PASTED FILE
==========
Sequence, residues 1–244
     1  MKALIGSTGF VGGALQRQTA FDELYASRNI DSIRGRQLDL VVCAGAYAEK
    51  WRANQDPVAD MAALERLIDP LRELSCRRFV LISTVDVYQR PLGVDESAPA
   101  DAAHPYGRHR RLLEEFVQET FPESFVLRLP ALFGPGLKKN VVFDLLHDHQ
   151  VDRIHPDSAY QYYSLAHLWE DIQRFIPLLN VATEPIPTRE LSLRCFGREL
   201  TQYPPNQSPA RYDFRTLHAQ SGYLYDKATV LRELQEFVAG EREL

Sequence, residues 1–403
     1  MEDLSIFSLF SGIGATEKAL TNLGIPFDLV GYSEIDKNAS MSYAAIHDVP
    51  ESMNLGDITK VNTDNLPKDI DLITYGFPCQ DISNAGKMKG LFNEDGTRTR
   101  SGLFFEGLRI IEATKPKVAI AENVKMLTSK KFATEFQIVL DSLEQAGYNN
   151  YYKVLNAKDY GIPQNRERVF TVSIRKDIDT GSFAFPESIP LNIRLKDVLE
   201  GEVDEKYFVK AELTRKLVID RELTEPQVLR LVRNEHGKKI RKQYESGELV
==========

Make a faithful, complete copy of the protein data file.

Sequence, residues 1–244
     1  MKALIGSTGF VGGALQRQTA FDELYASRNI DSIRGRQLDL VVCAGAYAEK
    51  WRANQDPVAD MAALERLIDP LRELSCRRFV LISTVDVYQR PLGVDESAPA
   101  DAAHPYGRHR RLLEEFVQET FPESFVLRLP ALFGPGLKKN VVFDLLHDHQ
   151  VDRIHPDSAY QYYSLAHLWE DIQRFIPLLN VATEPIPTRE LSLRCFGREL
   201  TQYPPNQSPA RYDFRTLHAQ SGYLYDKATV LRELQEFVAG EREL

Sequence, residues 1–403
     1  MEDLSIFSLF SGIGATEKAL TNLGIPFDLV GYSEIDKNAS MSYAAIHDVP
    51  ESMNLGDITK VNTDNLPKDI DLITYGFPCQ DISNAGKMKG LFNEDGTRTR
   101  SGLFFEGLRI IEATKPKVAI AENVKMLTSK KFATEFQIVL DSLEQAGYNN
   151  YYKVLNAKDY GIPQNRERVF TVSIRKDIDT GSFAFPESIP LNIRLKDVLE
   201  GEVDEKYFVK AELTRKLVID RELTEPQVLR LVRNEHGKKI RKQYESGELV